GENDER insights

New hotspot mapping reveals where climate change hits women the hardest

Women in Zambia_CIFOR Photo: Joe Nkadaani/CIFOR.

Women are more at risk of experiencing adverse climate change effects in some areas than in others. A new hotspot mapping reveals where.

A smallholder woman growing rice and vegetables in the southwest of Bangladesh is likely facing coastal flooding, rising sea levels, increasing salinity and other climate-related stresses.  

Her rice production is being particularly hard hit as the water and soil becomes salty with rising seas. She is more likely to be affected by these changes than the men in her community due to restrictive social norms as well as her limited access to new technologies and inputs.

A woman is husking rice in Bangladesh. Photo: Mike Lusmore/Duckrabbit.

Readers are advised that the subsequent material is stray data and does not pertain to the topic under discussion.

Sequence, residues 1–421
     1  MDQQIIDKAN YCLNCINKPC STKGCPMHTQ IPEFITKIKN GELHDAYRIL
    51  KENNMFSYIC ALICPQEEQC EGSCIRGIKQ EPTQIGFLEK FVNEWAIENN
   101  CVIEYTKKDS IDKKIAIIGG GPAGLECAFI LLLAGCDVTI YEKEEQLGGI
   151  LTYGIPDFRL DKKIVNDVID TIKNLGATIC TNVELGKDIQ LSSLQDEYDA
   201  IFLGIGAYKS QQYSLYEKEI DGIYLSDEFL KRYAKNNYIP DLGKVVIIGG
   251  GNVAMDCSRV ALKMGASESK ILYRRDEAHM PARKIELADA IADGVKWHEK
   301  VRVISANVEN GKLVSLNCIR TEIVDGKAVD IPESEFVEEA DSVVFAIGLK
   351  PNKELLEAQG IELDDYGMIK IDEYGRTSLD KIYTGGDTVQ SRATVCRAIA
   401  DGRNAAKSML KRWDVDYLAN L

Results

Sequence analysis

In a recent analysis, we identified hotspot countries among 87 low- to middle-income countries in Latin America, Asia and Africa where women involved in agriculture are most at risk to adverse effects of climate change. Zambia, Mali, Bangladesh and Pakistan are among the countries ranked high on the list.

These climate-agriculture-gender inequity hotspots are areas where large numbers of women are participating in agriculture and food production and where extreme climate hazards trigger crop failure, pest and disease outbreaks, and degradation of land and water resources. They are also areas where formal and informal institutions, including cultural and social norms, create inequalities that exacerbate women’s vulnerabilities to climate change.

In low-income countries, women are important smallholder farmers and often the primary users and managers of natural resources. Many households in poorer countries rely on women producing crops for their food security. In parts of South Asia and Africa, women constitute more than 55 percent of the agricultural workforce.